Office 365 – Tenant Migration without losing E-Mail Messages How to perform an Office 365 Tenant migration (from another Office 365 Tenant or other mail systems) without losing any e-mail message

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Migrating mailboxes and service settings from one Office 365 tenant to another Office 365 tenant in a business-merger scenario can be a quite troublesome task even for the most experienced System Administrators: for that very reason, even Microsoft – in its dedicated tutorial published on Microsoft Docs – strongly suggest to work with an Office 365 partner, especially if we are dealing with a migration involving more than 500 users and/or a large amount of SharePoint data.

Anyway, here are the main factors that determine the choice of Office 365 tenant to tenant migration:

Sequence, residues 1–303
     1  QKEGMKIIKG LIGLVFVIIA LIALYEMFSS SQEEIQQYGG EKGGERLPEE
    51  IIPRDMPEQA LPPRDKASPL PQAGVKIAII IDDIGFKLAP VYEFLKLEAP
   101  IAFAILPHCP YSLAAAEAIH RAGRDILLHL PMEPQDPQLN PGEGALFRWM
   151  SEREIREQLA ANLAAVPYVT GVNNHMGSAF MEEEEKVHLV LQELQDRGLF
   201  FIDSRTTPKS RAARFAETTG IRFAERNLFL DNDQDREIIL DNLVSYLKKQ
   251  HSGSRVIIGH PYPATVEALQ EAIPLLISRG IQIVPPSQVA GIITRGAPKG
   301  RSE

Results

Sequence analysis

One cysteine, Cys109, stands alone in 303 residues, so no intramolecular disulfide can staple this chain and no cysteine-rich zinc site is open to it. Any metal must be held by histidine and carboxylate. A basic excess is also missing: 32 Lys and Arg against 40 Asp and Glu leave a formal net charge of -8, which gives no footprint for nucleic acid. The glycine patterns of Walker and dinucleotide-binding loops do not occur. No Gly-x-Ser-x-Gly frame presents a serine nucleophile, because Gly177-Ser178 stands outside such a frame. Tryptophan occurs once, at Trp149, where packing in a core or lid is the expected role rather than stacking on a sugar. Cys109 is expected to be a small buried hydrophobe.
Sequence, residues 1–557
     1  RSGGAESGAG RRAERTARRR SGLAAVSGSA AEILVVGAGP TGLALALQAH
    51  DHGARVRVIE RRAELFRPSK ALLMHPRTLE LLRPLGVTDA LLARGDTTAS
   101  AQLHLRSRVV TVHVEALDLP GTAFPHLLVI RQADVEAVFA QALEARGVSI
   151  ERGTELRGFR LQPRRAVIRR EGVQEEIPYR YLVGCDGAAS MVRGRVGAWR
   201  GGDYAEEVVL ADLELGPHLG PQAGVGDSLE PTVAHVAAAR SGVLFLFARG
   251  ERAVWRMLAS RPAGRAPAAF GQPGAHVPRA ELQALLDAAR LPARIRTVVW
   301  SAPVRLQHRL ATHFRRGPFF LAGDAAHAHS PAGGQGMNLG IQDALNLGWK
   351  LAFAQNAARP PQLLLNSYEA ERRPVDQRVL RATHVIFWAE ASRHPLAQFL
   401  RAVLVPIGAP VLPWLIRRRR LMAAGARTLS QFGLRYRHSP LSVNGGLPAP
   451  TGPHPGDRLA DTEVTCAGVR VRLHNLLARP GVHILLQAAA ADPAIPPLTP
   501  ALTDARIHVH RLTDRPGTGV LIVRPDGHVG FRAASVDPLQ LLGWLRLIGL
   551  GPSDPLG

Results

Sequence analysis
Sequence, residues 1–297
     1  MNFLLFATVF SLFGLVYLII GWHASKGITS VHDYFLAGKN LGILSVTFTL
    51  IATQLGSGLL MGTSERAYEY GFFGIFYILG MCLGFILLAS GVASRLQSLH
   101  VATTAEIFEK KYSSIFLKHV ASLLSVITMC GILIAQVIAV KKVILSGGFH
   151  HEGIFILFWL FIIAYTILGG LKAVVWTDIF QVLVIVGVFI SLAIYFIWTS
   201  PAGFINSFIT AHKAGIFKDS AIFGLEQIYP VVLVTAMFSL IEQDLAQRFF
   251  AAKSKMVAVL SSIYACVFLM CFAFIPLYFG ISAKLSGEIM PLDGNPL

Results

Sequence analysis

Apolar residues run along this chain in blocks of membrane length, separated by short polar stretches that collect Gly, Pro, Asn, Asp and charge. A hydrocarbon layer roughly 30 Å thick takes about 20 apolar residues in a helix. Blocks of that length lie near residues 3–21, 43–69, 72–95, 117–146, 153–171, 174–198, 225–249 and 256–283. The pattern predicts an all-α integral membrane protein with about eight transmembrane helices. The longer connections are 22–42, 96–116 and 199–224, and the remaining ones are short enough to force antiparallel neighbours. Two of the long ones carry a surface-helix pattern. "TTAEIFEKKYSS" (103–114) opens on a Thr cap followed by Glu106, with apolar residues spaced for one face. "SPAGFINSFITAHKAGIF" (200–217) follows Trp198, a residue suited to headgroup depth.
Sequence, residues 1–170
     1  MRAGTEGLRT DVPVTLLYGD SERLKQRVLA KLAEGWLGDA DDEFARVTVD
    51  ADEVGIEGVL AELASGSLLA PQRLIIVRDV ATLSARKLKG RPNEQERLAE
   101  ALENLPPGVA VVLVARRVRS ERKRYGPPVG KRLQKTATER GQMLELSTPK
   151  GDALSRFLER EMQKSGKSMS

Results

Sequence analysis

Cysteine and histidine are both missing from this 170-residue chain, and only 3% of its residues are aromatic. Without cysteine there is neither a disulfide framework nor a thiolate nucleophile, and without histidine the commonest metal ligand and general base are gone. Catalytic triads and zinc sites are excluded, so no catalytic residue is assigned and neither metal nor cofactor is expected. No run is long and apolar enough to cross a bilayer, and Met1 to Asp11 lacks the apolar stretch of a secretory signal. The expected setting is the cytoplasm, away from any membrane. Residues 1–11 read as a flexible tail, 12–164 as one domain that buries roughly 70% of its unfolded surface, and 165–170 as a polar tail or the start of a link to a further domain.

• Type of current IT infrastructure: Where will you migrate mail from?
  • The number of e-mails to move to the cloud.
  • Which migration option you choose: Full or Hybrid.
  • Requirements for the process of creating and managing user accounts, using cloud services.

That said, here are a number of useful questions that will help you choose a migration scenario.

1. What mail service are you migrating from?

The first question we should ask ourselves is where our source data is coming from. There is a huge difference between an Office 365 Tenant to Tenant migration, an Exchange to Exchange Online migration or some other kind of migrations involving other mail systems – such as, for example, GMail.